A lesbian couple from Texas reportedly carried the same baby in what is believed to be a "medical first" through reciprocal in-vitro fertilization.
A Christian bioethics center has warned that technological manipulations of the embryo could cause harm to the baby, however.
USA Today reported that the married same-sex couple, Ashleigh Coulter, 28, and Bliss Coulter, 36, wanted to find a way in which they could both become mothers to the same baby.
Fertility specialists Dr. Kathy Doody and her husband, Dr. Kevin Doody, of the CARE Fertility in Bedford, Texas, explained that they made that goal happen by starting with traditional IVF.
"Bliss went through the stimulation of her ovaries and the egg harvest," Kathy Doody said.
"Instead of placing the sperm and Bliss' eggs into incubators in a lab, which is called reciprocal IVF and has been carried out for same-sex couples for years, they go into the chamber of the INVOcell device immediately after egg retrieval. The device is placed into Bliss' body for five days where early embryo development begins," the article explains.
Later in the process, Coulter had her uterus evaluated, was given estrogen and then progesterone, before her wife's embryos were transferred to her body, which made her pregnant.
"She got to carry him for five days and was a big part of the fertilization, and then I carried him for nine months," Coulter said. "So that made it really special for the both of us — that we were both involved. She got to be a part of it, and I got to be a part of it."
Paige Comstock Cunningham, executive director of The Center for Bioethics & Human Dignity, which provides a Christian conception of bioethics, warned in comments to The Christian Post that such a procedure could have complications, however.
"Reciprocal IVF" is a form of assisted reproduction used by lesbian couples, where one woman provides the egg that is fertilized by sperm from a male selected by the intended parents. The other partner gestates and gives birth to the child. While the stated desire is for both women to be connected to their child, is this in the child's best interests?" Comstock told CP.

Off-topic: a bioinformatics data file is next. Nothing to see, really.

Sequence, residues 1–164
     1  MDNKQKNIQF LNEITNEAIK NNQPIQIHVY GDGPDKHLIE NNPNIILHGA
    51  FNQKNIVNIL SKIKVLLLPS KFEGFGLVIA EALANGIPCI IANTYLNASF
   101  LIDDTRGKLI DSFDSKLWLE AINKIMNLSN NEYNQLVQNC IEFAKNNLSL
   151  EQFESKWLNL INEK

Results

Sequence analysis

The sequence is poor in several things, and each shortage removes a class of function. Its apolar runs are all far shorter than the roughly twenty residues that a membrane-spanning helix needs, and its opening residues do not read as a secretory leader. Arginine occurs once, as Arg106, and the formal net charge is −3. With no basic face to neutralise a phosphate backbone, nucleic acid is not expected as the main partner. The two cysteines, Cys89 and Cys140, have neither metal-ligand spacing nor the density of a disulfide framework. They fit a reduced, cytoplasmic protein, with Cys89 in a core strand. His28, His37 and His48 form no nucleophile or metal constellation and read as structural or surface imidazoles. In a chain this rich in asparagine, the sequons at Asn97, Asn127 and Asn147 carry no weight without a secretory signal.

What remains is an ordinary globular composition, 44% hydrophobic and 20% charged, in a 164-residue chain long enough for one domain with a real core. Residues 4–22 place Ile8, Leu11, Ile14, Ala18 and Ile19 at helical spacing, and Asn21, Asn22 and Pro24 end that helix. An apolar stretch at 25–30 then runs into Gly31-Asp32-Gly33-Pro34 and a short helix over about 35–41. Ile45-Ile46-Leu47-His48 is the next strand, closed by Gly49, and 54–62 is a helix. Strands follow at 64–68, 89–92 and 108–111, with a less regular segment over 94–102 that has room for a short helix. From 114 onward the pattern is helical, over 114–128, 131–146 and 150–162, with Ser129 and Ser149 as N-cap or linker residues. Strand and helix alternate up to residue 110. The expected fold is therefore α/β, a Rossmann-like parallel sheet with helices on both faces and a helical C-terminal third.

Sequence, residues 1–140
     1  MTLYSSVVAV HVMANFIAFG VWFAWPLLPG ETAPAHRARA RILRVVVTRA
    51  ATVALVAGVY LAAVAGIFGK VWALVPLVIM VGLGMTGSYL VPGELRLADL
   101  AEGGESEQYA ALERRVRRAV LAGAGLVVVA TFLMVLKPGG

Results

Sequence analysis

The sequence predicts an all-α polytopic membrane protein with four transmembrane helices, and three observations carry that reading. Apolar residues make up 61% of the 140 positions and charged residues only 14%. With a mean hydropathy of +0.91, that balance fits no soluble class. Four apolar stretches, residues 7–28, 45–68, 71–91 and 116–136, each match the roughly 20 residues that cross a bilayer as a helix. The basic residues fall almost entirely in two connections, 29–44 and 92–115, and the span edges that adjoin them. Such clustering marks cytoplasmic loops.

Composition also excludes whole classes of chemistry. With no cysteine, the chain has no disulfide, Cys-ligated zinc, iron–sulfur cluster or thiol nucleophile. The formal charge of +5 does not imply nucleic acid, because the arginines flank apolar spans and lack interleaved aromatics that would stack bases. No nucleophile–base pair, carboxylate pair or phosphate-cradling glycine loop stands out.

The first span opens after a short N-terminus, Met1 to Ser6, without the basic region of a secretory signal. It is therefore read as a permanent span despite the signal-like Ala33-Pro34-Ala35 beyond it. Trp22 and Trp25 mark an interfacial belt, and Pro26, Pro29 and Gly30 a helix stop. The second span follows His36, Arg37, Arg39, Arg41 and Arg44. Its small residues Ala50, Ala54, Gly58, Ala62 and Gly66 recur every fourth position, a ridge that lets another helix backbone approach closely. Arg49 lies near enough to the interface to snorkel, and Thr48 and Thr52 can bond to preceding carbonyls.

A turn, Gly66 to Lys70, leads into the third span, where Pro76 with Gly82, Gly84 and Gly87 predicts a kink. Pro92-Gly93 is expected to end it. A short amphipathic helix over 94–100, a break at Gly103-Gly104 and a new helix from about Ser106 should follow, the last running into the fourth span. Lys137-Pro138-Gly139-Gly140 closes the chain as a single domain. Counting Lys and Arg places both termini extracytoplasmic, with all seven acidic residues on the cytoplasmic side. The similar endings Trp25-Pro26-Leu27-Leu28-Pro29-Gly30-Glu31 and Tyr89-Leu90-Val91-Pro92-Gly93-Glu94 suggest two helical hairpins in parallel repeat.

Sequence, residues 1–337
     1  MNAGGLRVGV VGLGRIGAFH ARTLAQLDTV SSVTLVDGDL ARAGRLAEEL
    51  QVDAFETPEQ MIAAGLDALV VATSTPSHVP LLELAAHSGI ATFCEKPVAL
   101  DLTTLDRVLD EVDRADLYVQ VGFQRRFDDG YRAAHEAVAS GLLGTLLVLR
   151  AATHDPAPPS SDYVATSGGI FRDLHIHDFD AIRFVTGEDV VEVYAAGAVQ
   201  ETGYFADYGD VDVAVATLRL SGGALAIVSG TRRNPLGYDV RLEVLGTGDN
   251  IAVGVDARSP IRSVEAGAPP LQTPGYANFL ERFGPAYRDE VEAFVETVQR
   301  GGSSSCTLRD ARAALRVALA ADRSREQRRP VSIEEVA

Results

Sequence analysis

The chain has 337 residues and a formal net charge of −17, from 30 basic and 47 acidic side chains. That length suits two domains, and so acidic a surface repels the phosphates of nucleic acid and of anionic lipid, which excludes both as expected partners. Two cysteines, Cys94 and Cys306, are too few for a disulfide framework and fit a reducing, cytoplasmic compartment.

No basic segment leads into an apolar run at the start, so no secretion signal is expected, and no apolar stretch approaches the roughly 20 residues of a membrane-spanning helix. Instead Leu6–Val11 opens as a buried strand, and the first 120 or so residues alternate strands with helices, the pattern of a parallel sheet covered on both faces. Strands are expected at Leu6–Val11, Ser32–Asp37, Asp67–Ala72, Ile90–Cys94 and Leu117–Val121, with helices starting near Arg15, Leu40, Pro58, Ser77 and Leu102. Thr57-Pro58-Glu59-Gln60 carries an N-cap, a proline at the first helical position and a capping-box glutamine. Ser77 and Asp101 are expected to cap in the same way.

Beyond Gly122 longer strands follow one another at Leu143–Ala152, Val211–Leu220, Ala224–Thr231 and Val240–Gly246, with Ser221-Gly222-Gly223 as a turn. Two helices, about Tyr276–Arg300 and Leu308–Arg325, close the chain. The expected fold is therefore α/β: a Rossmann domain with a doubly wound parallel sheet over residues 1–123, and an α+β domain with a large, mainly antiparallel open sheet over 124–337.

She pointed to a survey of nearly 80 studies that showed that where there is a genetic "mismatch" between the woman's body in an egg donation (ED) pregnancy, there are higher health risks for both mother and child.
"More recent studies have identified risks to the child where the egg donor is not the one who gives birth to the child: a blood-related autoimmune disease, prematurity, low birthweight, and caesarean section. There are no known long-term studies of risks to mother or child."
Comstock stated that "this new variation — where one woman carries the new embryo (in a device) in her body for a few days before transfer to the other partner's womb — is yet another technology that treats the developing child as a project of medical technology, rather than as the fruit of procreation. Each technological manipulation of the embryo, however well intended, opens the door to increased harm."
"This is not a routine reproductive intervention. Nor is it medically necessary. It is not designed to cure any disease or protect the health of either mother or child. It is medical experimentation upon a future child, without the ethical safeguards put in place to protect human subjects of research," she stated.
"Why would parents risk unnecessary harm to their own child?"
When it comes to religious objections against the procedure, Kathy Doody pushed back against critics, however.
"Well, I would respectfully disagree," she told USA Today.
"I think that family, relationship, children is exactly everything that was meant to be in our world."
The Coulters say that they gave birth to a baby boy, now 5 months old, who is "happy and healthy."